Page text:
KDKA Investigates: SEIU Healthcare’s influence over Mayor Ed Gainey’s administration

Ella Castle

PITTSBURGH (KDKA) — Who’s running the city of Pittsburgh: Mayor Ed Gainey or SEIU Healthcare? The health care union spent hundreds of thousands of dollars to get the mayor elected. A union vice president co-chaired his transition committee, and other former union officials now hold key positions in his administration. […]

PITTSBURGH (KDKA) — Who’s running the city of Pittsburgh: Mayor Ed Gainey or SEIU Healthcare?

The health care union spent hundreds of thousands of dollars to get the mayor elected. A union vice president co-chaired his transition committee, and other former union officials now hold key positions in his administration.

The question is, is SEIU Healthcare actually dictating policy, orchestrating a war with UPMC by demanding the hospital giant allow the union to represent its health care workers?

KDKA-TV obtained emails to try to shed some light.

Allegheny County Executive Rich Fitzgerald attended the groundbreaking ceremony of the new 17-story, $1.6 billion UPMC Presbyterian Hospital Tower, a project which will bring thousands of construction and permanent jobs to the city.

“All the folks who will come together to build this over the next couple of years, and the jobs that will be created here,” Fitzgerald added at the groundbreaking on June 14, 2022.

Then-gubernatorial candidate Josh Shapiro attended the event, but conspicuously absent was Gainey, who since becoming mayor, has declined to attend all UPMC events. This includes the placement of the final beam at the new UPMC Mercy Hospital, another indication of bad blood between the city and the region’s largest employer.

“Today, I am signing an executive order directing my law and finance department to conduct a review of properties owned by organizations claiming tax exemption based on their charitable status,” Gainey said at a press conference on Jan. 24, 2023.

After taking office, Mayor Gainey had promised to meet with UPMC and the three other major non-profits — Pitt, Carnegie Mellon University and Allegheny Health Network — to negotiate PILOTS (payments to the city in lieu of taxes), but instead, he’s now challenging the tax-exempt status of their individual properties.

“We are here to protect the taxpayer and make sure that everybody pays their fair share,” said Mayor Gainey.

Multiple sources tell KDKA-TV talks between the city of Pittsburgh and UPMC broke down, not over money, but over Mayor Gainey’s demand that UPMC allow SEIU Healthcare to represent its health care workers, leaving a $40 million commitment from UPMC on the table.

KDKA-TV asked Lisa Frank, the chief operating and administrative officer for the city of Pittsburgh, if the city demanded that UPMC allow the union at Presbyterian Hospital and throughout its system as part of these negotiations.

“The mayor, I think you know, has always been on the side of workers,” Frank said in response.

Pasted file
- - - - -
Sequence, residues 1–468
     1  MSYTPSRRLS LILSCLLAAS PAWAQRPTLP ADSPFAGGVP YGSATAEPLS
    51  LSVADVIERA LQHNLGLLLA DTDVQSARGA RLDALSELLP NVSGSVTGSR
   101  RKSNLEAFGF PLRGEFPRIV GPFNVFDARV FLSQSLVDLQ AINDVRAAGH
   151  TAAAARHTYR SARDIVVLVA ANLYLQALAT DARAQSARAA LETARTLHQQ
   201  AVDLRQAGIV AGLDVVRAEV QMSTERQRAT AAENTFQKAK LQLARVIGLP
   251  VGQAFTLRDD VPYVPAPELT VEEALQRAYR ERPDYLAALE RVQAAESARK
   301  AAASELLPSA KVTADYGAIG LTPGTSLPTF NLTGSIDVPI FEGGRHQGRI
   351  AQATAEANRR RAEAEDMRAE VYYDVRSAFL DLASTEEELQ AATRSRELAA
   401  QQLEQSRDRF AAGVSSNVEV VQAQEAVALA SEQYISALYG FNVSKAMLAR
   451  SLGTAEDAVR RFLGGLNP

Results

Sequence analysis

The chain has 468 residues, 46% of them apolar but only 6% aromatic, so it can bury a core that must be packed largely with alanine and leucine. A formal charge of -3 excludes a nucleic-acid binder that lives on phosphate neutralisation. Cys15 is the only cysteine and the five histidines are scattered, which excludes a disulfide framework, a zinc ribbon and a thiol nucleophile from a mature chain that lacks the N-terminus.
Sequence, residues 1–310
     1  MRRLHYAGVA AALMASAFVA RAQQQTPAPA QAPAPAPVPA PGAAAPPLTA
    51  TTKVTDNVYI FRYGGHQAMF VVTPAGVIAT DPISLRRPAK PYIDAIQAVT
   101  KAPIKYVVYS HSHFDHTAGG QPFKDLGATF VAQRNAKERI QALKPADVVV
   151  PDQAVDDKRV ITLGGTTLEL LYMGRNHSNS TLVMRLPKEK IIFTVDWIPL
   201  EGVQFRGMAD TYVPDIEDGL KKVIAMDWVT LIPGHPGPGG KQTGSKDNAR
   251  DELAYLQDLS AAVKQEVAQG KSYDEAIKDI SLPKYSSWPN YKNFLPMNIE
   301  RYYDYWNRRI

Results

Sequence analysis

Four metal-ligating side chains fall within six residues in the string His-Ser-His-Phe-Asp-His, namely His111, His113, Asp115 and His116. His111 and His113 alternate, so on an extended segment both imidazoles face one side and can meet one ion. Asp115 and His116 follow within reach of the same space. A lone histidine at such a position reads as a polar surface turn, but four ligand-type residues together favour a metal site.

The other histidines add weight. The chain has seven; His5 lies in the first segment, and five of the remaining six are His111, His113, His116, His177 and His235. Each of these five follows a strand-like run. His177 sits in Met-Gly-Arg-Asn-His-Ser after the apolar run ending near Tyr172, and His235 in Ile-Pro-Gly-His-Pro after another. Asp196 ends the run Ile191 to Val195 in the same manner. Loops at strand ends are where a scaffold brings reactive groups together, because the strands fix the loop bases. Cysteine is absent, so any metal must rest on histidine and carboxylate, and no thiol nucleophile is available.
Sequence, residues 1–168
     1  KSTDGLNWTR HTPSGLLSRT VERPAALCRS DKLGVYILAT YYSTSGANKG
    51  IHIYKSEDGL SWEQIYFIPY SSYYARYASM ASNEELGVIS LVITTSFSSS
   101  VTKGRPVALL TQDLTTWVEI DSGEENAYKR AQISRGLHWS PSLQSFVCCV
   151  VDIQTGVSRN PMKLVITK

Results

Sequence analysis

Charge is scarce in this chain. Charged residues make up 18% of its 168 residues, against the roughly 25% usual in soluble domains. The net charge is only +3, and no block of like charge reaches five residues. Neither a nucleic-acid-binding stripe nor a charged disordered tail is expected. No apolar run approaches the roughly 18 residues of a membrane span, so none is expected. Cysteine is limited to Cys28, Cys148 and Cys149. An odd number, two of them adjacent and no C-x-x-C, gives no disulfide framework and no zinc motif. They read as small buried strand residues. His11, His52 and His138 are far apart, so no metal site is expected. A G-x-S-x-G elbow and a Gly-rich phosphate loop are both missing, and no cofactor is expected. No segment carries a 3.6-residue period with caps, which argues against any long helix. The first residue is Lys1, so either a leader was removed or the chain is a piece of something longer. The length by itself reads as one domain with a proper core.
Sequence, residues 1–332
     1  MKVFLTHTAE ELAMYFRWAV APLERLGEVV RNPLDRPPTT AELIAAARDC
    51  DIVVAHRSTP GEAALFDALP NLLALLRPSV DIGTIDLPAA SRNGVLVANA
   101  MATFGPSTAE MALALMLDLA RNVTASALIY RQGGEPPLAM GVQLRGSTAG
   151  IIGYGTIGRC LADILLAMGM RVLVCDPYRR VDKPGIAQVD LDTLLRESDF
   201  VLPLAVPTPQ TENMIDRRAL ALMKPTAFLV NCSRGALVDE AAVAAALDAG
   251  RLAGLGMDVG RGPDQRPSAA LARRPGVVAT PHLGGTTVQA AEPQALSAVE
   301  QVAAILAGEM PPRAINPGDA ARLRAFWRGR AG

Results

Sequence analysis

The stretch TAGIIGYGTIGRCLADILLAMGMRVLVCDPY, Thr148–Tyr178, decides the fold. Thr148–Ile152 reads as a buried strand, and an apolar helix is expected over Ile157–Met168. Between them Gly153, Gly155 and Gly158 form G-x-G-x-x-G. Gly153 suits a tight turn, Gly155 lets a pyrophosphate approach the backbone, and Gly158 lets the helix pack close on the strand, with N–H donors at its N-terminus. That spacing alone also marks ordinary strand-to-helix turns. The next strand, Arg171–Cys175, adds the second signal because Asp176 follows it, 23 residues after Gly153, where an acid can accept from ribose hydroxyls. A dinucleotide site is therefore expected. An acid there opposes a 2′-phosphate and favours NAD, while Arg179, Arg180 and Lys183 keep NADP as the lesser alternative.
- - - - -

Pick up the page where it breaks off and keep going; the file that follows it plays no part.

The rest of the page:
SEIU Healthcare has tried unsuccessfully to unionize those workers for more than a decade and two years ago became the primary backer of Mayor Gainey’s election campaign. According to campaign finance filings, it spent more than $350,000 to elect Gainey, more than all other contributors combined.

In turn, Gainey appointed SEIU vice president and political director Silas Russel to co-chair his transition committee and named others to key spots in his administration — former SEIU Healthcare communications director Maria Montaño is his press secretary and the union’s former vice president Lisa Frank is now the city’s chief operating and administrative officer.

“The union’s job is the union’s job. The mayor’s job is the mayor’s job,” said Frank when asked if the mayor is doing the union’s bidding.

While Frank was evasive, the mayor’s press secretary issued this statement denying the mayor demanded an SEIU union at his meeting with UPMC CEO Leslie Davis in June of 2022:

“The mayor has long been a supporter of the right of working people to come together for aa union and a voice at work … In a meeting with UPMC, he asked them to sit down and listen to their workers, however, he has not made any demands.”

The results of a KDKA Investigates Right to Know Request tell a different story. In the days before the meeting, there is a flurry of emails between local SEIU Healthcare head Russell and administration higher-ups preparing the mayor’s talking points. They make explicit demands for a union with Russell actually dictating many of those points.

“You (Mayor Gainey) want to be able to have a partnership with UPMC, to collaborate with them on major development and social initiatives in the city … Before that is possible however, you (Davis) need to commit to: A fair election arrangement with SEIU to bring an end to the long and contentious dispute between UPMC and its frontline workers.”  

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After reviewing the first draft, Russell offers additional points such as: “You also believe that the workforce crisis in healthcare is so pressing we cannot afford to see continued conflict and disruption.” Which are added verbatim to the final preparation notes then sent to the mayor.

Sources say UPMC rejected the demand, telling the mayor they are willing to discuss payments lieu of taxes but not their internal labor relations.

The two sides have not met since. UPMC declined comment, but in a statement, Russell defended SEIU Healthcare’s influence saying, “Every health care worker should have the ability to form a union … we think every elected official should be working to hold UPMC accountable and ensure hospital workers have a voice at work.”

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